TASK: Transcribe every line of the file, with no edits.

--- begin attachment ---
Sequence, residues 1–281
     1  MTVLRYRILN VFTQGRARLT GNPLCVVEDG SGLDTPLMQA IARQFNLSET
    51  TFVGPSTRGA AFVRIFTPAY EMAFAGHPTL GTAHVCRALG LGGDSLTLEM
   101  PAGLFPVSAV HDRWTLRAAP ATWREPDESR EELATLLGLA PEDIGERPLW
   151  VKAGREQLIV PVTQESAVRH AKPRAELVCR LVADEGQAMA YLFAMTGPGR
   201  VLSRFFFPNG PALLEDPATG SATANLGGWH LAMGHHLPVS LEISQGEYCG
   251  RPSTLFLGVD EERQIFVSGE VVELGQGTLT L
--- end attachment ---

Sequence, residues 1–281
     1  MTVLRYRILN VFTQGRARLT GNPLCVVEDG SGLDTPLMQA IARQFNLSET
    51  TFVGPSTRGA AFVRIFTPAY EMAFAGHPTL GTAHVCRALG LGGDSLTLEM
   101  PAGLFPVSAV HDRWTLRAAP ATWREPDESR EELATLLGLA PEDIGERPLW
   151  VKAGREQLIV PVTQESAVRH AKPRAELVCR LVADEGQAMA YLFAMTGPGR
   201  VLSRFFFPNG PALLEDPATG SATANLGGWH LAMGHHLPVS LEISQGEYCG
   251  RPSTLFLGVD EERQIFVSGE VVELGQGTLT L